At times kangaroo (and wallaby) populations can grow to a level that they can become an agricultural pest where they compete with livestock and damage pasture. Kangaroos can also cause damage to rangelands and fences, and cause damage or injury as a result from collisions with motor vehicles. When their numbers build up to a level that becomes a problem, a level of kangaroo control is required. In drought conditions, animal welfare considerations may also deem kangaroo control necessary.
When kangaroos have been identified as a problem the state authority responsible for managing kangaroo populations, within a particular state or territory, can issue permits to allow a set quota of animals to be culled on a property to reduce their negative impacts. Although Australia has a commercial kangaroo harvesting industry that provides meat, hides and leather to markets all across the world, not all kangaroos that have become pests can be harvested for those resources. The only practicable options for kangaroo control then becomes culling.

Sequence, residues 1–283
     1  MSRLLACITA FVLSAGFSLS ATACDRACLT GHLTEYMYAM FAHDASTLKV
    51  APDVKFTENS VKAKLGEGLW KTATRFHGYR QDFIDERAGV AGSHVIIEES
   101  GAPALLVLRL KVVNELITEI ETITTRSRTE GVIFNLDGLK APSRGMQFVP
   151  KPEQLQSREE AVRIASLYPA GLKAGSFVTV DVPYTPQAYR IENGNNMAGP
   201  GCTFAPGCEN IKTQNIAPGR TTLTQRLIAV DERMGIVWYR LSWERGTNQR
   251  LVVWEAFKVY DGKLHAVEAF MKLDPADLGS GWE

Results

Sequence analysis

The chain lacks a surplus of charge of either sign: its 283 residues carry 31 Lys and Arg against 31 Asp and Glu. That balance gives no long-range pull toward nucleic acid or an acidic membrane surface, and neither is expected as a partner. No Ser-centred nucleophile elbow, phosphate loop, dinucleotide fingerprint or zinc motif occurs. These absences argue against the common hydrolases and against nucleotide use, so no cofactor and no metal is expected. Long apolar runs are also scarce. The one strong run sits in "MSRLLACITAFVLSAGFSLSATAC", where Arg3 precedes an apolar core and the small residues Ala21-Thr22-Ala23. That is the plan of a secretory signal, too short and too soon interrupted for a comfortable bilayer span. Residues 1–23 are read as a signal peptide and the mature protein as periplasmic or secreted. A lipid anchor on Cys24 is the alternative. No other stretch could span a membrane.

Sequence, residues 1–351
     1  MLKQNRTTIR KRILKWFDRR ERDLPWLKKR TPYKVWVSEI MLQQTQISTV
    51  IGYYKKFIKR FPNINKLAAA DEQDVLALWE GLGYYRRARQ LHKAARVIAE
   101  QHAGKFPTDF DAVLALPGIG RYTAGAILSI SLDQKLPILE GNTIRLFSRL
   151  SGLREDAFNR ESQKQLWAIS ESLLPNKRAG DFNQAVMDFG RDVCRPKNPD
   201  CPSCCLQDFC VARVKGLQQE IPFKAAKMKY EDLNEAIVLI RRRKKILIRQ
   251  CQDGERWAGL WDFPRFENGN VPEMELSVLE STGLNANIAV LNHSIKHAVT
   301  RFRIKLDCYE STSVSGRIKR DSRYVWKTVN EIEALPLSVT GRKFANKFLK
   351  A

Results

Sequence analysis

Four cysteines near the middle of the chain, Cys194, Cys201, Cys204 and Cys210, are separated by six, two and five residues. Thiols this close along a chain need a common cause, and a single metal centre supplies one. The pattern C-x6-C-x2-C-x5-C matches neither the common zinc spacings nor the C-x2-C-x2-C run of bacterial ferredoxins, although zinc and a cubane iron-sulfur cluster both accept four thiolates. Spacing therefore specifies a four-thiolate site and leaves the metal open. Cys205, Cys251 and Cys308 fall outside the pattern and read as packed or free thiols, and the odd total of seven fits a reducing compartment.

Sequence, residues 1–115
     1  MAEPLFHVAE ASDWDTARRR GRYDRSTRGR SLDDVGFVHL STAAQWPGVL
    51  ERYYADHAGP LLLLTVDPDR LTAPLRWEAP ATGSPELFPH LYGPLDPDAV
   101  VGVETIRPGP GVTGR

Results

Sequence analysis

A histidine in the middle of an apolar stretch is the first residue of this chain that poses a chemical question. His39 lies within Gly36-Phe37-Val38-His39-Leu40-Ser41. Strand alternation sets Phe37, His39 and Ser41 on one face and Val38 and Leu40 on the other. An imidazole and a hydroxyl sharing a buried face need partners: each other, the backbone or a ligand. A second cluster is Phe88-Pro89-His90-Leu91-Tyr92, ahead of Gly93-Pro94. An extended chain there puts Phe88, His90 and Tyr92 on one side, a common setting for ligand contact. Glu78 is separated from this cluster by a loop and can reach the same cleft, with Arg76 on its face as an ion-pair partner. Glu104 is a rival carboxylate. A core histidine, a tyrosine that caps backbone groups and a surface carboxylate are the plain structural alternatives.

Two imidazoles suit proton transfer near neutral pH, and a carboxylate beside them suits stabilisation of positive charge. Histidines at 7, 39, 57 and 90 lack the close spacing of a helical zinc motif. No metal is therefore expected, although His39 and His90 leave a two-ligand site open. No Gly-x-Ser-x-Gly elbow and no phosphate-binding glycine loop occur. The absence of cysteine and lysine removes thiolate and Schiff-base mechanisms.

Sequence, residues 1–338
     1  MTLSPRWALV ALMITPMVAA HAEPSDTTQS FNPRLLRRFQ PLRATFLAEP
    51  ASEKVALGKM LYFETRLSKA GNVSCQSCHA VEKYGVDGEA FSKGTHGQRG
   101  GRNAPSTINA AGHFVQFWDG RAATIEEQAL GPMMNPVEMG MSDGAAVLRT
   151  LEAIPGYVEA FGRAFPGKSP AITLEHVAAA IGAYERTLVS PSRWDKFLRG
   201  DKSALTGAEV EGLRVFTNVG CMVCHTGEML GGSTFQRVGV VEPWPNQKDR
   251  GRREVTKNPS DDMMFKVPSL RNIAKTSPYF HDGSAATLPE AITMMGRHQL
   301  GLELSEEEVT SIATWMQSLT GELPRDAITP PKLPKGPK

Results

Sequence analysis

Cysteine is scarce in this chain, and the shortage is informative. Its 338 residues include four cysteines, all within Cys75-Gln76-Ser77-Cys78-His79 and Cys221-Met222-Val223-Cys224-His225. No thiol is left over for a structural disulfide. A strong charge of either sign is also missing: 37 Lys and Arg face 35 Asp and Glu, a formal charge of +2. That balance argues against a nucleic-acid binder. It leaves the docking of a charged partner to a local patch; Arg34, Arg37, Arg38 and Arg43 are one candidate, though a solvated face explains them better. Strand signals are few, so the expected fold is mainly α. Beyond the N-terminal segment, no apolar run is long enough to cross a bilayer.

Farmers are usually able to apply for a pest mitigation type permit for their property that allows others to conduct culling operations on their behalf.
All culling of kangaroos (and wallabies) must follow the National Code of Practice for the Humane Shooting of Kangaroos and Wallabies for Non-Commercial Purposes. This is to ensure that kangaroos are culled in the most humane way.
The SSAA Farmer Assist program enables landholders to find licensed, accredited and insured volunteer shooters to assist with kangaroo control. We have thousands of qualified members across the country ready to help landholders and managers with kangaroo control.
The SSAA Farmer Assist program only takes a few minutes to register for so you can find friendly and willing volunteers to assist you with your kangaroo problem.